But even Dinklage has nothing on Headey, who manages to bring a tragic compassion to the otherwise unsympathetic Cersei. Every line Headey’s Cersei delivers is weighted with the intense sorrow and wisdom she has accumulated as a queen among selfish and destructive men — one of whom is her own son. The doomed Cersei lacks the luxury of self-denial that so many of her relations rely on, and, as such, she does not make the best statesman, much to her critics’ satisfaction and her brother’s disapproval.

Unfortunately, compared to the Lannisters and the diabolical games they play, characters like Jon Snow, with his "wildling" adventures and his lukewarm love story, just can’t keep up, despite the show’s halfhearted struggle to occasionally pull the plot northward. Harington is going to need more than soulful black eyes and flawless ivory skin to hold fans’ attention in the face of such competition.

Other captivating performances that help justify the Game of Thrones craze are delivered by the young Williams as Arya, Rory McCann as the intimidating-but-we’re-not-completely-sure-why Hound, Gwendoline Christie as the blindly devoted Brienne of Tarth, Liam Cunningham as the reserved Ser Davos, and Gleeson, who captures the needless cruelty and chilling immaturity of King Joffrey so well that he might have just guaranteed himself a future of typecasting.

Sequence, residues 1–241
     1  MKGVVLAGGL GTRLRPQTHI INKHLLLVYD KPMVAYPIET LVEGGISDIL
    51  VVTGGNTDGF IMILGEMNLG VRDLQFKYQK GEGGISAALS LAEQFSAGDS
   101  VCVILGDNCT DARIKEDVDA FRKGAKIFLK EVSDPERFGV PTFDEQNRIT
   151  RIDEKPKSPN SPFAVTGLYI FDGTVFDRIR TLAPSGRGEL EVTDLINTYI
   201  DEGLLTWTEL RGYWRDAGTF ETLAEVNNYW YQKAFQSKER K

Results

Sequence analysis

Ultimately, there are too many solid performances in Game of Thrones season two to praise, and an impressive number of them come from the supporting cast. The big boys often drop off the radar for as many as three episodes while the momentum is effortlessly carried by the bit players. The storylines, while intricate, are far from convoluted, and the overall tension is palpable and real, as you will quickly be reminded re-watching “Blackwater.”